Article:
FOR IMMEDIATE RELEASE Contact: Chuck Darrell
October 4, 2011 (612) 275-9141
Minnesota For Marriage (MFM) Campaign Pledges Full Disclosure
Consistent With Current Law
MFM Opposes Attempt of Campaign Finance Board Bureaucrats to Adopt Illegal Regulations
St. Paul, MN – The Minnesota for Marriage campaign (MFM) today pledged to disclose all donations and expenditures to its campaign consistent with longstanding Minnesota law, but expressed its opposition to efforts by bureaucrats with the Campaign Finance Board to impose illegal regulations on outside parties.
“Minnesota for Marriage will disclose all donations we receive, as well as all expenditures that we make, consistent with longstanding Minnesota law,” said John Helmberger, MFM’s chairman. “However, what CFB bureaucrats are attempting to do goes well beyond what the law requires, substituting themselves for the Legislature in an illegal attempt to compel disclosure of information not required by law. We oppose such illegal regulations.”
Longstanding Minnesota campaign disclosure law has required ballot question committees to disclose donations to the committee, as well as expenditures it makes. Proposed regulations of the Campaign Finance Board would also require a nonprofit corporation who donates to a ballot question campaign to itself disclose its own donors, even if those donors did not designate a contribution to the ballot question committee. The proposed new rules appear aimed at the marriage protection amendment, since CFB executive director Gary Goldsmith specifically has singled out national pro-family organizations for additional regulations.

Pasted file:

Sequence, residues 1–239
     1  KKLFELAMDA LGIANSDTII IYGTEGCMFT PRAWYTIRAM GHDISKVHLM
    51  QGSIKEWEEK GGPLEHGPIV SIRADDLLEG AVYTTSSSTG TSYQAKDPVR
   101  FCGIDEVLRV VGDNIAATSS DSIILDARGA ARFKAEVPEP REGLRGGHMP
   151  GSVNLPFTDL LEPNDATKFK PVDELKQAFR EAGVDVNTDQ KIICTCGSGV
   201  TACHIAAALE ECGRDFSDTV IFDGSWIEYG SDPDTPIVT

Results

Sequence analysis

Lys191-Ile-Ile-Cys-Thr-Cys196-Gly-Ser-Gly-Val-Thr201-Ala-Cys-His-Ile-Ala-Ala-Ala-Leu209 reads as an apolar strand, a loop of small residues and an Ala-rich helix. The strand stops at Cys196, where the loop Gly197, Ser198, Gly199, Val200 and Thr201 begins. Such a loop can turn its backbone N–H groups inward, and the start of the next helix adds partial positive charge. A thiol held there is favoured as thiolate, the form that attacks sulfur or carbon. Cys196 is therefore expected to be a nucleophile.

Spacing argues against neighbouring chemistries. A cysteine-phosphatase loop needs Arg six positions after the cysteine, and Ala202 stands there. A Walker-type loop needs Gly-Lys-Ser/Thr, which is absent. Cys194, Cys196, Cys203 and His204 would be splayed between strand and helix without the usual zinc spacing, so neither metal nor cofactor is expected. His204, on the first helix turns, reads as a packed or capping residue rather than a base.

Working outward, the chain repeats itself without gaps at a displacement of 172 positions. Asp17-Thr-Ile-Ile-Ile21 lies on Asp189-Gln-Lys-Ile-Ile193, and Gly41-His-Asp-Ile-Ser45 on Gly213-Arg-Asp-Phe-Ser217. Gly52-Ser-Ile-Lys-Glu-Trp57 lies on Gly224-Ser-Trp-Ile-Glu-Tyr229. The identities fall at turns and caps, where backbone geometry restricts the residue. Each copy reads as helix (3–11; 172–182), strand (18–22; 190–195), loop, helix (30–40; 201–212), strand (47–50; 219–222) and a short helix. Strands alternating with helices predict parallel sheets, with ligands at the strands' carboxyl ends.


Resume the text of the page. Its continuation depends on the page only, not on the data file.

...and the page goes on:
The CFB previously requested the Minnesota Legislature to give it the authority to regulate donations by nonprofit corporations, but the Legislature has refused.
“What the CFB is attempting to do is wrong on two counts,” Helmberger said. “First, the Board does not have the statutory authority to force a nonprofit organization to publicly reveal its own contributors, especially when those donors have not designated a contribution to a ballot question committee. Such statutory authority was expressly denied by the Legislature. Second, such disclosure rules would mislead the public about who is supporting or opposing a ballot question committee. If a person named ‘Sally’ gives a general contribution to support the work of a nonprofit group, and that nonprofit group subsequently decides to support a ballot question committee, it would be wrong for the CFB to declare that ‘Sally’ has contributed to the ballot campaign. ‘Sally’ has done no such thing and to say otherwise is to mislead the public.”